Shutter has a very simple and easy to use interface. There are just two panels in the window, one for declaring events and the other for declaring corresponding actions. Like I mentioned above, the events essentially act like a trigger for the various actions.
Adding an event is a cinch. You tap in the related panel (which happens to say “click here […]”) and then choose the event you would like, along with any related parameters. The different events to choose from include the following:
- Countdown – execute the action after the timer runs out
- On Time - execute the action at a particular time
- Winamp Stops – execute as soon as Winamp stops playing
- CPU Usage – execute when the CPU usage reaches a certain percentage for a select period of time
- Network Usage - when network usage of the selected interface goes below a specified bandwidth
- User Inactive - when the logged in user has been inactive for a certain period of time
- Battery Low - trigger an event when the battery of the computer falls below a certain percentage
- Window - execute action when a window opens or closes
- Process - execute when a process starts or stops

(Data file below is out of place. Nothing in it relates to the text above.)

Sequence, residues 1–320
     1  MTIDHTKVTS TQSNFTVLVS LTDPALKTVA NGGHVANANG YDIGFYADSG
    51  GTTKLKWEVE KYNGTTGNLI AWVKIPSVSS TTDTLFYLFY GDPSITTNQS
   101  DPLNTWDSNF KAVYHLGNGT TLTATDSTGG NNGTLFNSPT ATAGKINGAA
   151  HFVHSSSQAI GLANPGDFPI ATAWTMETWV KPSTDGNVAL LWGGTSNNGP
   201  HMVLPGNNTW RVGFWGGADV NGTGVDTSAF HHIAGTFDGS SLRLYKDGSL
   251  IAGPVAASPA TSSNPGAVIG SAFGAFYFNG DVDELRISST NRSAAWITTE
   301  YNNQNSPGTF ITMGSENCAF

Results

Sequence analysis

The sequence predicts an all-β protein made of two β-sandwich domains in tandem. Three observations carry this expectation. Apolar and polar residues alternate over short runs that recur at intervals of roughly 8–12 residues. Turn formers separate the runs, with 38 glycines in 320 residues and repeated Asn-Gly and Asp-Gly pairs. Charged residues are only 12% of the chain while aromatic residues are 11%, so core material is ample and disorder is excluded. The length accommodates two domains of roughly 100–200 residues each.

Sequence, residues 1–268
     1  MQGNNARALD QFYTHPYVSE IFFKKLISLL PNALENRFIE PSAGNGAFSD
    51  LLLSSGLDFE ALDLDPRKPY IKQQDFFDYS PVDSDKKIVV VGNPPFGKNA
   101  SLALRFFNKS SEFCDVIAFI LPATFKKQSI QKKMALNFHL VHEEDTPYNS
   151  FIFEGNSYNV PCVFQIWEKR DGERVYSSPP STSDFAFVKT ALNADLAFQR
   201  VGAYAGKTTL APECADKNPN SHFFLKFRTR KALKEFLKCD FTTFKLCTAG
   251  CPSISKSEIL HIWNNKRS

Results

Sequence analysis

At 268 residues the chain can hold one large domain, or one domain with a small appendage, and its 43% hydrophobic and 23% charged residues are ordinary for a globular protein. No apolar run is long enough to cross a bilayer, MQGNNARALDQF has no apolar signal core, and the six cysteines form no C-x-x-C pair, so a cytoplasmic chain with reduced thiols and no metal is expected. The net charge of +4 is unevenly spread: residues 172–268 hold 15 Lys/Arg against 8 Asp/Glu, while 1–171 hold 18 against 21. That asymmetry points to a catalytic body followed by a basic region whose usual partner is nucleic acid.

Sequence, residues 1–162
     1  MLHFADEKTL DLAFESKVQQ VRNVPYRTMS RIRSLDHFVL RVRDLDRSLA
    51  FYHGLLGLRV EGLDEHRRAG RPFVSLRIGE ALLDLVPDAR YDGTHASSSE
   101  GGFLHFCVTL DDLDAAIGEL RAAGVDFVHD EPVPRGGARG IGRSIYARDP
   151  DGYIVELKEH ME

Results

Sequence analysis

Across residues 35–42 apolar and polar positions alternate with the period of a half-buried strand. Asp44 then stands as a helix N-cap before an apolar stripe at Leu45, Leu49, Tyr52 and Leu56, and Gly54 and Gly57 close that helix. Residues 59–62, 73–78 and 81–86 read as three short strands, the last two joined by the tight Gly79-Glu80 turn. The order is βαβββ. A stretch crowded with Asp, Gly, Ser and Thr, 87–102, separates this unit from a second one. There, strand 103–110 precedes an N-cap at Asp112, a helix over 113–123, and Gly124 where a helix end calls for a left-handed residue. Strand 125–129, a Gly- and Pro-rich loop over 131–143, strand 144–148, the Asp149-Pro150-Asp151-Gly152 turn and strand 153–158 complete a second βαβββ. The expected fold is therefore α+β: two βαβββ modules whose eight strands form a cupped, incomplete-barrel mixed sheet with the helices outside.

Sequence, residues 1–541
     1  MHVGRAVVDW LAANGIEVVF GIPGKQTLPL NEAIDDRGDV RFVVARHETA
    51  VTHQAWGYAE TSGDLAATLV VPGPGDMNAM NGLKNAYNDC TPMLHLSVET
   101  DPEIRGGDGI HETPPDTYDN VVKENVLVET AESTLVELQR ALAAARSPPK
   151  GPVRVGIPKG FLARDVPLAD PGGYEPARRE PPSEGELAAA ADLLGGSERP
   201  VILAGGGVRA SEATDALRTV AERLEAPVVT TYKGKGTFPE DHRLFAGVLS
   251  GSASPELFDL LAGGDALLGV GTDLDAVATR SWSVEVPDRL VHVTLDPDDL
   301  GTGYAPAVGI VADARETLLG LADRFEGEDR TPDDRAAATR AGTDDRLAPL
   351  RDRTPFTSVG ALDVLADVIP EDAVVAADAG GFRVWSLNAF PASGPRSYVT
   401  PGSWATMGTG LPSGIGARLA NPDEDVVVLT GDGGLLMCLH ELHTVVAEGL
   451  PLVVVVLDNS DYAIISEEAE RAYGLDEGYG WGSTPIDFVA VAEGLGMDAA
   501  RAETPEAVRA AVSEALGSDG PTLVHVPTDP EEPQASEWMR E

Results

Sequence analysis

- Ping Stops - execute when a server (IP address) is not responding for a set amount of time.
- File Size Limit - execute an action when a file reaches a certain size.
- Lid - execute when the computer lid has been opened or closed (Vista or later versions only)
After an event has been chosen, actions are added in the exact same why, only they are entered by clicking on the bottom panel in the window. The individual actions you can choose from include the following:
- Shutdown - shuts down the system
- Reboot - reboots the system
- Log off - logs the current user out
- Lock Workstation
- Sleep, Hibernate - changes the system’s power state
- Turn off Monitor
- Screen Saver - display the default or a custom screen saver
- Volume - mute or unmute the volume
- Hang up - terminate the Internet connection (dial-up only)
- Alarm - sound an alarm
- Message - display an on-screen message
- Play sound - Play a selected wav file
- Run program - Load a program with (optional) command parameters
- Open file
- Close Window
- Kill Process
- Utilities (close application, restart events, pause execution)
You can only define one set of actions and events at a time. If you’d like to specify more than one then you have to run multiple instances of Shutter. Anything listed in the events panel will display the corresponding actions based entirely on the set relationship. You designate the relationship with a dropdown that includes the following: